Parents want the best for their children, and oral health is no exception. Fortunately, it’s easy to develop good dental behavior for kids. Here, Monrovia dentist Dr. Q offers her advice for parents and children from birth through the early years.
Get started even before your baby has teeth. Infant newborns may not have pearly whites to brush, but it’s still important to care for their hygiene.
You can use a clean, moist cloth along your baby’s lips and gums. Gentle touches can remove bacteria from the baby’s mouth and, as your baby gets older, prepare him or her for teeth brushing.
Congratulations! It’s a new tooth. A milestone in your baby’s development, the appearance of a tooth is the first step towards a brilliant smile… and, of course, some growing pains.
You can use a child-sized toothbrush to clean around your baby’s gums and along the tooth (as a Monrovia dentist, Dr. Q can recommend a brand or device to use.) If the tooth is still sensitive, it’s okay to use a clean cloth instead. Again, you are working towards two goals: a healthier mouth for your child and helping him or her become comfortable with cleaning brushing.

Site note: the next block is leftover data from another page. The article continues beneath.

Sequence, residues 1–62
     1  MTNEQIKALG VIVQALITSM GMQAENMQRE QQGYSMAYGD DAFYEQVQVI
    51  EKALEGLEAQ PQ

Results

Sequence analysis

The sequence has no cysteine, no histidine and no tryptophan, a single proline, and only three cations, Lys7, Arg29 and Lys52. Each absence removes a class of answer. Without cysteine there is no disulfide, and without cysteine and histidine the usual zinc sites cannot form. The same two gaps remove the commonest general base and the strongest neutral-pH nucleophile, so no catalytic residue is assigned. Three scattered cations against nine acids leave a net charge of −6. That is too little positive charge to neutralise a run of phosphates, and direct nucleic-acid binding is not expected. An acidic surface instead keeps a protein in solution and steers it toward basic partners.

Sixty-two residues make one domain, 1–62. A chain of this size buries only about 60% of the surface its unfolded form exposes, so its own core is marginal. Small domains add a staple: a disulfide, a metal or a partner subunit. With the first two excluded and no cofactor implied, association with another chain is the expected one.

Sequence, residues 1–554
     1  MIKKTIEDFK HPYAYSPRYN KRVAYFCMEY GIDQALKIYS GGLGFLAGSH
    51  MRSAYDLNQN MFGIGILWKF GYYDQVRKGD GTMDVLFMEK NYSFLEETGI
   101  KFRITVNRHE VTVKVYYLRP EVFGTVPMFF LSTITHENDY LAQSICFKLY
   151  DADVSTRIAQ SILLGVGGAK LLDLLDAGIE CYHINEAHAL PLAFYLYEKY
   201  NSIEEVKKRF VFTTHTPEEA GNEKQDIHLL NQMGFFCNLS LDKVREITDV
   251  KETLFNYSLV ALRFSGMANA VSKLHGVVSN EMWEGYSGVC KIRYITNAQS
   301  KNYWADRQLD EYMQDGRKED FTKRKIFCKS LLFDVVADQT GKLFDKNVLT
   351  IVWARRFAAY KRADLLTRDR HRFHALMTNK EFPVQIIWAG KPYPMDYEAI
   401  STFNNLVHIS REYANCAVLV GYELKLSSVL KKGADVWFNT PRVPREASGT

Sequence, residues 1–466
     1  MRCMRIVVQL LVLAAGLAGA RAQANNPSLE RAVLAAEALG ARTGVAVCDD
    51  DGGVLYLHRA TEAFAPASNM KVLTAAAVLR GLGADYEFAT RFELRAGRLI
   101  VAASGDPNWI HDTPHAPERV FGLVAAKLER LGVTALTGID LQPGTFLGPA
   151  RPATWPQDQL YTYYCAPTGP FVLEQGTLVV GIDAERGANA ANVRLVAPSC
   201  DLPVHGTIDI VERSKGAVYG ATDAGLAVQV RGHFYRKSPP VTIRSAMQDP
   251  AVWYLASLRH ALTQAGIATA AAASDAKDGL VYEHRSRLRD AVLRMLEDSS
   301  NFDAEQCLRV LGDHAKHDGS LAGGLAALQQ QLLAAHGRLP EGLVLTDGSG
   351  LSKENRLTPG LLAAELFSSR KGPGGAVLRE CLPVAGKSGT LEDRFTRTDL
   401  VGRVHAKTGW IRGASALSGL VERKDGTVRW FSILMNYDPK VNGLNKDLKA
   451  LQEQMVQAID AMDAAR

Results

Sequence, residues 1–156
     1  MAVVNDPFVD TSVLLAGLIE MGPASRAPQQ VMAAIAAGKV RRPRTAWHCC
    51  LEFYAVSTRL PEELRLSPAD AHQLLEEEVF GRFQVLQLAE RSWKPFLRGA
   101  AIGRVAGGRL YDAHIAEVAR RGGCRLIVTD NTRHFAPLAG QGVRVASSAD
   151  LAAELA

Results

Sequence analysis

Make brushing part of your children’s routine. Once kids are old enough to hold a toothbrush safely and with some dexterity, supervise brushing and flossing and make it part of their everyday routine.
Aim for twice a day—once after breakfast and once before bedtime—and if you can, try to have kids brush after they get home from school. Most parents will want to maintain supervision until age eight. Even if you don’t watch your older children brush and floss, be sure to double-check that they’ve followed through (as you probably know, kids are notorious for getting distracted from this routine!)
Floss, you say? Take it from a Monrovia dentist: flossing is a very important part of oral care. Even if you yourself don’t have a perfect record of flossing thrice a day, starting at a young age can get children into important habits for the rest of their lives.
As with brushing, flossing should be a supervised activity for young children. You’ll likely need to help them since it can be hard to hold the string properly and get at all of the gaps. Be sure to use very gentle pressure so that they don’t experience discomfort (and use it as an excuse to avoid flossing in the future).
Have them visit the dentist. Some children develop a phobia around dental visits, and unfortunately, some parents let visits lax as a result. Twice-yearly cleanings are essential.
In addition to being a Monrovia dentist, Dr. Q is a mother who understands the challenges of good dental care for children. She and her staff work to make pediatric visits a comfortable experience and promote a welcoming, personal environment in the dental practice.
Whether you’re the parent of a newborn or your “babies” are almost teenagers, developing good oral health is all part of the job. Follow Dr. Q’s advice to help maintain and protect your kids’ beautiful smiles.
Learn more about pediatric dental care. Call Dr. Q at (626) 599-9818.